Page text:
The Relation Of Religion And Politics

The political turmoil of the time also provided an occasion for Kierkegaard to articulate in a more theoretical fashion his views on the relation between religion and politics or church and state. Reflecting Luther's distinction between the two realms or kingdoms, Kierkegaard's general position is that their viewpoints are worlds apart, as the religious takes its point of departure from above and seeks to transfigure and lift the temporal or earthly to the level of the heavenly, spiritual, or eternal, whereas the political 'begins on earth in order to remain on earth' and 'has nothing to do with eternal truth' (PV 103, 109-10).15 Yet they are not wholly unrelated, as Kierkegaard suggests that, with a little patience, the politician will become aware that 'the religious is the transfigured rendition of what a politician, provided he actually loves being a human being and loves humankind, has thought in his most blissful moment, even if he will find the religious too lofty and too ideal to be practical' (103).16 The political ideal to which Kierkegaard refers here is perfect human equality, which in his estimation, as we have seen, is not attainable in the temporal realm. Politics has to do with the external system of government under which people live, whereas religion, particularly Christianity, is a matter of inwardness, of the individual's personal relationship to God, before whom every individual already enjoys true human equality in the form of spiritual equality. In line with 'the old Christianity', by which he presumably means the original apostolic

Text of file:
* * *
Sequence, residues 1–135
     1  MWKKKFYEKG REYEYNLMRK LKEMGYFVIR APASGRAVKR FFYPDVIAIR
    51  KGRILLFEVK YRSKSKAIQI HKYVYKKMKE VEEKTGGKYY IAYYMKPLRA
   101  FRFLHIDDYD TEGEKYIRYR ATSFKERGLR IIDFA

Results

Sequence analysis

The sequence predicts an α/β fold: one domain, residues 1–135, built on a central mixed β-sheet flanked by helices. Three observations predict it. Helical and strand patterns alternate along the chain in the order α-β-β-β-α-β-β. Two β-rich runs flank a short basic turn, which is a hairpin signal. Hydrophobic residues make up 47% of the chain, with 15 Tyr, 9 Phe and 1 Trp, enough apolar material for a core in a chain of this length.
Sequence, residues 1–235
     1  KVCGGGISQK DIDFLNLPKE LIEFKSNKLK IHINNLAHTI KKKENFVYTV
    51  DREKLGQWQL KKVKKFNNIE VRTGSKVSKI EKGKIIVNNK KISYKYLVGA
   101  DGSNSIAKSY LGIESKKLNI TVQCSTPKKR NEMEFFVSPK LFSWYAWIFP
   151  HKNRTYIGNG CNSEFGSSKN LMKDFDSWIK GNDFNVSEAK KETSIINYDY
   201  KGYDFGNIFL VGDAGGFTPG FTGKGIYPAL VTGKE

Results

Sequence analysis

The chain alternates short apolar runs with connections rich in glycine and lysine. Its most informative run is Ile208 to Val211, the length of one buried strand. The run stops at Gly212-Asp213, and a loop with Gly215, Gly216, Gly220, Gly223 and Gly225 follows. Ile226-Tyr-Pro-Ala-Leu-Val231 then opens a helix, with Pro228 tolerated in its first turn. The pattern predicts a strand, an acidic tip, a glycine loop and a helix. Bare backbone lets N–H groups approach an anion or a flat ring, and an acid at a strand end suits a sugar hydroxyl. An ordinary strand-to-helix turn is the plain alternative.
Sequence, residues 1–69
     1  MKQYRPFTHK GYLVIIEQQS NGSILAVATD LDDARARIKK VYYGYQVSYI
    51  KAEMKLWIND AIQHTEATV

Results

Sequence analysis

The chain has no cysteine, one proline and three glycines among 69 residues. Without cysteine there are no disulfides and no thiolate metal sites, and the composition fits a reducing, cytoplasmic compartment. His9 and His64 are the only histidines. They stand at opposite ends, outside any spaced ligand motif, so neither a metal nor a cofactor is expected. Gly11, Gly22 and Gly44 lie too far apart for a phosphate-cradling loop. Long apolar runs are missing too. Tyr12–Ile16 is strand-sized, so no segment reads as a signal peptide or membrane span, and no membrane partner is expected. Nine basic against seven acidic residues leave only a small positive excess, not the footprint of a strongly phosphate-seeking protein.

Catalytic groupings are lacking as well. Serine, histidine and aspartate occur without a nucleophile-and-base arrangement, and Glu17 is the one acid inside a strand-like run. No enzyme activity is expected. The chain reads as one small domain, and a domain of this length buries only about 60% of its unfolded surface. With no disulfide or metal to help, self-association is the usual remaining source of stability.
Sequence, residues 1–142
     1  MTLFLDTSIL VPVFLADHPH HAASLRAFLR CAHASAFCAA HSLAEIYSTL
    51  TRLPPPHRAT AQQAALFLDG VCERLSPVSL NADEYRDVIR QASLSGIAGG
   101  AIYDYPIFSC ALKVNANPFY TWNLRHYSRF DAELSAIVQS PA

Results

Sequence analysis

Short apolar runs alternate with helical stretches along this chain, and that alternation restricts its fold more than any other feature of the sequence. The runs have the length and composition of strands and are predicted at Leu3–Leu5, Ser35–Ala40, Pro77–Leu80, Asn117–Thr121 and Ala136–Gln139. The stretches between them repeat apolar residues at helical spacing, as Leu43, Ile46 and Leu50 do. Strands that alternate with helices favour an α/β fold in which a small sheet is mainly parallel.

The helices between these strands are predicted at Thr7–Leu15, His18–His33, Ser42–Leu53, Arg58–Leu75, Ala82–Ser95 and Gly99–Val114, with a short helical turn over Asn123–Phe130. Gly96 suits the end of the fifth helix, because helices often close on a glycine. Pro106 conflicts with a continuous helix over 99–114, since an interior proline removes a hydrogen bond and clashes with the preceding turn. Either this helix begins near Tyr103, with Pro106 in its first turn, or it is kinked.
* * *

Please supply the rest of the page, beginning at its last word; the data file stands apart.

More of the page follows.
15 On Luther's theory of the two kingdoms, see Cranz (1998: 159-78).

16 On 'the patient politician', see Perkins (2003b).

tradition, Kierkegaard holds that Christianity is fundamentally indifferent towards all forms of government and 'can live equally well under all of them', even 'under the most imperfect conditions and forms', which is what constitutes 'Christianity's perfection' JP iv. 4191, 4193; COR 54). It is not Christianity's business, therefore, to be concerned with bringing about external changes in the political realm.

This is not to say, however, that 'Christianity consists purely and simply of putting up with everything in regard to external forms, without doing anything at all' (COR 56). On the contrary, Kierkegaard maintains that 'there are situations which an established order can be of such a nature that the Christian ought not put up with it, ought not say that Christianity means precisely this indifference to the external' (56). He does not spell out what those situations might be, leaving them to be determined by individual conscience in a particular social situation. He also suggests that 'If at a given time the forms under which one has to live are not the most perfect, if they can be improved, in God's name do so', which leaves the door open for a wide range of political action on the part of individual Christians (53).